BUSINESS
07/26/2008 05:12 am ET | Updated May 25, 2011

Only A Market Recovery Will Stop Short-Sellers: TheStreet Founder James J. Cramer

If a couple of hedge funds wanted to destroy Lehman Brothers, just wipe the company off the face of the Earth, no matter how storied and how well managed the place has been over the years, they could do it in a week's time. Maybe, given the precarious state of this stock market, they could assassinate Lehman Brothers overnight.

Mind you, the blueprint I am about to present doesn't work against every firm; it just works against every financial firm that has lost credibility by insisting that it is doing well and then failing to disclose that it hasn't been. That was Bear Stearns' real flaw, and it is Lehman's too. If you were to listen to Lehman's comments about how well it's been doing in the last year, until very recently, and contrast them with reports from Goldman Sachs, you would have thought that Goldman was on the ropes and Lehman was performing swimmingly. If you didn't look at the share count, you would think that Lehman had to be taking advantage of its declining share price and buying its stock as Goldman was sidelined and hobbled. Of course, the opposite is true: Goldman has been reporting monster good quarters, but it tries to disclose every single misstep and flaw in its portfolio while buying back stock hand over fist because it's so flush with capital. Lehman has been hemorrhaging cash as it financed a horrid portfolio of toxic mortgage paper both from here and in Europe and doesn't have a cent to retire stock; it's too busy issuing more of the stuff.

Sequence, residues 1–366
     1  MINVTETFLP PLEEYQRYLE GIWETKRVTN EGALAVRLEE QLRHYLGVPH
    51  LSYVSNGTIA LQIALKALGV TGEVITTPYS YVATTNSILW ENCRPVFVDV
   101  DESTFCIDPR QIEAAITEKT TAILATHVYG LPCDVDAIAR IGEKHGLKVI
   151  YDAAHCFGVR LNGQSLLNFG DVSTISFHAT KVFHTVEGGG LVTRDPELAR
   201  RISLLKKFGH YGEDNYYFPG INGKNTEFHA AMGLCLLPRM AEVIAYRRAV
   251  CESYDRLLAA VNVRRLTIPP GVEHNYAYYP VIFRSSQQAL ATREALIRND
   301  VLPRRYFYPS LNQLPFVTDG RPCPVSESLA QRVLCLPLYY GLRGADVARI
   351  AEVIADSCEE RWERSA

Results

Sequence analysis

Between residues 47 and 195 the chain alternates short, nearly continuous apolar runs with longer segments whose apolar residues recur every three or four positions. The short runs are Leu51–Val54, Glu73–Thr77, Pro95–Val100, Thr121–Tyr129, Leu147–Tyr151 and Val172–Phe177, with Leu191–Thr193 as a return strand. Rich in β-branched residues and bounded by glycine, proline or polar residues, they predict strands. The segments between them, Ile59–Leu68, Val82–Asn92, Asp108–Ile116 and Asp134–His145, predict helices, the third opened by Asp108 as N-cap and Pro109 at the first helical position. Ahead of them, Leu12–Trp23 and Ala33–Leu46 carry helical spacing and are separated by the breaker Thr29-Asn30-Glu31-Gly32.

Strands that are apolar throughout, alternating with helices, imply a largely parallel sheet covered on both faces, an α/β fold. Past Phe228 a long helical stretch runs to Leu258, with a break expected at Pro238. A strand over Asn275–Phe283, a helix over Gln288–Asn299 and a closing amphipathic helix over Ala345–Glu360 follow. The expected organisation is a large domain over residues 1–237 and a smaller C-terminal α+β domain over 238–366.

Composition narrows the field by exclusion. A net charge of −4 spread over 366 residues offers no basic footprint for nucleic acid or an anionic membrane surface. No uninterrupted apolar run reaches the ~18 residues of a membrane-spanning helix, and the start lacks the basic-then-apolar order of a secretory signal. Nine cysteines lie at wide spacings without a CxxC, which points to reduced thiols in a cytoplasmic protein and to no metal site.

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Read up on Lehman's woes in 2008:

::Max Keiser: "Lehman Brothers is taking a cue from the Enron playbook..."
::Panic At Lehman Brothers
::Lehman Brothers Removes Erin Callan, Joseph Gregory